Hello all. I am wondering if you could describe your headaches to me. I am the mom to a 9 year old girl who has nearly constant headaches in the front of her head. We have had MRIs and been told she is not symptomatic and am treating her for migraines, despite compromised CSF on MRI, which Dr. felt was not an issue, even though the radiologist said there was 'no flow'. We have been told chiari headaches are quick, and accompanied by sneeze, cough, etc. and that her headache is not chiari related. I have no idea what it is like to live with constant headaches like my daughter, with little to no relief. All she wants it them to go away. Could you please just inform me a little regarding your headaches and what may work for you, if they sound like ours? I am taking her MRIs and sending them for consults over my winter break (full time graduate student), but I am still curious right now, what your experiences have been with headaches or your children's. Thanks so much for your time.
I love how a dr that never had a condition can say that the symptoms r so cut and dry and must fit, but get them to tell u about meds, they will say well not all the side effects r listed blah blah blah...give me a break, listen to those that have it so u know for sure,,,but no, they dismiss what we have to say.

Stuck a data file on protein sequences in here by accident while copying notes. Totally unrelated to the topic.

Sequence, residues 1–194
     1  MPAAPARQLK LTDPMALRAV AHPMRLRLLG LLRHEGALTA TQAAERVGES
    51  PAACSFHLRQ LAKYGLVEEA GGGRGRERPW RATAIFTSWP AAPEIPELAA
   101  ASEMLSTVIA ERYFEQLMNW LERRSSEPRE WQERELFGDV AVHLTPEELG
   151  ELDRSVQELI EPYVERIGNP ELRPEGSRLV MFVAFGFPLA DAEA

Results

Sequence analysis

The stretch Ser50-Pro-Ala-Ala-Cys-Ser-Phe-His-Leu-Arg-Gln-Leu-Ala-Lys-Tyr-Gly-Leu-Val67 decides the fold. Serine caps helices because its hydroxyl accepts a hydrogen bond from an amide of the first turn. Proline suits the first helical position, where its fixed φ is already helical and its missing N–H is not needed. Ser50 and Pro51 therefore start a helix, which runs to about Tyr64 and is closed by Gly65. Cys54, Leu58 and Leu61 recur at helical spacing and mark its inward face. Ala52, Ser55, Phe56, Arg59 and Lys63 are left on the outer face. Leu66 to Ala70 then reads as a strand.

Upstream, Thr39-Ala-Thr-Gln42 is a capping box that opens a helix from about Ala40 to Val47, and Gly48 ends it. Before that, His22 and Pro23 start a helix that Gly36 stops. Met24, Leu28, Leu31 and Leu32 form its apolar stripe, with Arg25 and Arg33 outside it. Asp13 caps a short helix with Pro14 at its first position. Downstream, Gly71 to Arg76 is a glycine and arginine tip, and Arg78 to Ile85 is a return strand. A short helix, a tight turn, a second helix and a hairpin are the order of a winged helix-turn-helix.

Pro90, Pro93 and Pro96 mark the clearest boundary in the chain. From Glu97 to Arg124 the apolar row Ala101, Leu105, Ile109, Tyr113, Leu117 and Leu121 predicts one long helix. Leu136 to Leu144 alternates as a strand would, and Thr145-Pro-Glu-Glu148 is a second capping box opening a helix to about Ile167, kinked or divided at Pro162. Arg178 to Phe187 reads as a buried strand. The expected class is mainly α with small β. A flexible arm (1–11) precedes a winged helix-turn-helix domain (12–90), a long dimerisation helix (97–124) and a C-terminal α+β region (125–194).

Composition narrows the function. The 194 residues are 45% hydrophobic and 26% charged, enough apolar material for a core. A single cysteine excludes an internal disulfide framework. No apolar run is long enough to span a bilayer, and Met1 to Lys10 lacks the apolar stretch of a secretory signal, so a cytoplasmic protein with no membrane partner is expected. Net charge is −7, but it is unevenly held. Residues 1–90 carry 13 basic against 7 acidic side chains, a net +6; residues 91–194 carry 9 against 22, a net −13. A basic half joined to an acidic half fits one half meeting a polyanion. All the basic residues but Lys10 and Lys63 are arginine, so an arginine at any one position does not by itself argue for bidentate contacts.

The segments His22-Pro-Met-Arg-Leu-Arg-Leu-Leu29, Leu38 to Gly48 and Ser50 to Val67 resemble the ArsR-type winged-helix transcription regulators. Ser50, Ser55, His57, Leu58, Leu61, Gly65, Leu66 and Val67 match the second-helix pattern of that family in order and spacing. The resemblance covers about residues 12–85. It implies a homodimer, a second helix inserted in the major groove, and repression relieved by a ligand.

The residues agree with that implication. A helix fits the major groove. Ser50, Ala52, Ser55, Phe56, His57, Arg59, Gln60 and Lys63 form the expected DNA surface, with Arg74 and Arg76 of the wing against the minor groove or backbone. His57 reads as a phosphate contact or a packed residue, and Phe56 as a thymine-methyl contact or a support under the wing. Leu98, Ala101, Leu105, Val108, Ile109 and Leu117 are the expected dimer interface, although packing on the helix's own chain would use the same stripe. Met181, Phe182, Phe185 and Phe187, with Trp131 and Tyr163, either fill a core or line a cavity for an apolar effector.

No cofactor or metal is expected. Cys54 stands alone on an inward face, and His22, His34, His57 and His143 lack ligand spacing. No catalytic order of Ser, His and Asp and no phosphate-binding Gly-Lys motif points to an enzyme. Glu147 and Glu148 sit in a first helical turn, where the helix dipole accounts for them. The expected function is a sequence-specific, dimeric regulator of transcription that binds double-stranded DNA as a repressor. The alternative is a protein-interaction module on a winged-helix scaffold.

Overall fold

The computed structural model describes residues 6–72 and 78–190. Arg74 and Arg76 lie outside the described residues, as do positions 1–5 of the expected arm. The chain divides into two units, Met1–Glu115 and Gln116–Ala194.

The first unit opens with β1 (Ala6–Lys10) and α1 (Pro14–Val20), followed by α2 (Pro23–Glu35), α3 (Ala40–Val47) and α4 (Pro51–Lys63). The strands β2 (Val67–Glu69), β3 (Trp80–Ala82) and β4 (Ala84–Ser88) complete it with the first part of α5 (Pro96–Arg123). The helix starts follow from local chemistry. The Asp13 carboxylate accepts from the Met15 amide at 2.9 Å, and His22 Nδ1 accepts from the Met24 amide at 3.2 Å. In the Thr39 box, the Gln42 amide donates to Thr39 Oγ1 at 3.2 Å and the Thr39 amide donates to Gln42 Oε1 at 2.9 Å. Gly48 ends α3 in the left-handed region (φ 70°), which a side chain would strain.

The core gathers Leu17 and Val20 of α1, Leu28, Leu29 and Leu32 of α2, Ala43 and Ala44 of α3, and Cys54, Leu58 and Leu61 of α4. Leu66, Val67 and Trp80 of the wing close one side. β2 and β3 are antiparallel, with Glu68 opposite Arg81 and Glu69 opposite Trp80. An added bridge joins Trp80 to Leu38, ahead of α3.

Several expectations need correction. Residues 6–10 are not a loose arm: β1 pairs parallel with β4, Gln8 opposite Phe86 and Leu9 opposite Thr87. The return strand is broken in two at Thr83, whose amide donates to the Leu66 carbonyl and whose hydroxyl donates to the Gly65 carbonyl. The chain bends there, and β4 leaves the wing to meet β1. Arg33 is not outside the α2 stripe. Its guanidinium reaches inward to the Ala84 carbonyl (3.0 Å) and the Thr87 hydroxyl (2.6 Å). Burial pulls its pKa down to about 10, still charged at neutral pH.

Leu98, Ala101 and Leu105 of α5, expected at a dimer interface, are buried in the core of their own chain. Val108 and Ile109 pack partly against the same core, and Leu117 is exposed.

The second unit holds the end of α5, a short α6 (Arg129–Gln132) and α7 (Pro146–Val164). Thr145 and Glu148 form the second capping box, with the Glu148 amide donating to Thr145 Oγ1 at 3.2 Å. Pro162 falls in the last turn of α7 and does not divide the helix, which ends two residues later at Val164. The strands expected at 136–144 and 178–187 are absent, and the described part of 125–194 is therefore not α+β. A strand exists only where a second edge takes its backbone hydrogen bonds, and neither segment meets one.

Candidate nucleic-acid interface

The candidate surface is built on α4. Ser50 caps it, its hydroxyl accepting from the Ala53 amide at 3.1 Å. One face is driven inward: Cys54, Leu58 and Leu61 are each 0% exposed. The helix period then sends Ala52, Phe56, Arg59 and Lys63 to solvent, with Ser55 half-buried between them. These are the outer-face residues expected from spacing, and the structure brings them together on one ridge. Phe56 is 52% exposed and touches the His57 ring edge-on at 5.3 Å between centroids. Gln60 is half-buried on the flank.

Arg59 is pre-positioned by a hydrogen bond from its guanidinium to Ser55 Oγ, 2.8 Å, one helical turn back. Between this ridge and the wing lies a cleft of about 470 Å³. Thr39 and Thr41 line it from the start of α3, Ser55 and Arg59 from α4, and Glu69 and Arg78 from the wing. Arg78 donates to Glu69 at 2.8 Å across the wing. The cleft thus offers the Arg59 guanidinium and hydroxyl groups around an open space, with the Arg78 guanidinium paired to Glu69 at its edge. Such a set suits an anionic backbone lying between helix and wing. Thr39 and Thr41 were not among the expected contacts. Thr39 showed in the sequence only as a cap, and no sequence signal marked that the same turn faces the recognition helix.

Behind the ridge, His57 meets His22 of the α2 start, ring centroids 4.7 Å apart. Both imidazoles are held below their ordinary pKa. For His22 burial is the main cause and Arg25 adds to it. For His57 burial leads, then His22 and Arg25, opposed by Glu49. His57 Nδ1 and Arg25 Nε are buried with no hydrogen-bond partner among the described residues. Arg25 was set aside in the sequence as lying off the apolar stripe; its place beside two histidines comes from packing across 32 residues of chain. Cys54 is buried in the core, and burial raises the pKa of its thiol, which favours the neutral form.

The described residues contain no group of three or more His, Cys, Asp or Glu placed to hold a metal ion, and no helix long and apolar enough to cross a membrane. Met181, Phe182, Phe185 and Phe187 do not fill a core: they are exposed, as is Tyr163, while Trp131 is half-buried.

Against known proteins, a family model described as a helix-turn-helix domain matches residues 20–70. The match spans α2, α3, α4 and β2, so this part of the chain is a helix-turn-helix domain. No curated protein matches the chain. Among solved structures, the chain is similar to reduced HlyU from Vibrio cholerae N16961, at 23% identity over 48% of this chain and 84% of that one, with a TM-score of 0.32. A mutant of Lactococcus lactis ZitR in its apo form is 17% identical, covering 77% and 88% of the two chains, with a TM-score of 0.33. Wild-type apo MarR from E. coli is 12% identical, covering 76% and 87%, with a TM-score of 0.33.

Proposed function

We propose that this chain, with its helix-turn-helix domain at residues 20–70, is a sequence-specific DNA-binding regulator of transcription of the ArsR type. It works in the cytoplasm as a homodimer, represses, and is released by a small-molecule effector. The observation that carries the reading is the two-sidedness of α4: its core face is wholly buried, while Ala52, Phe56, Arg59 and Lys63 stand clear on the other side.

My HA's were constant..dull just always there...depending on what I did made them worse, a cough , laugh, or sneeze would cause a sharp pain, but that was not the HA.
The HA started at the base of my skull at my neck, some days it felt like a vise grip was wrapped around at my temples...making it diff to think...vision would be blurry...
Stress did make them worse....and many times they would be bad upon waking, get better during the day only to get bad again at night,...I felt it was the lights that did it...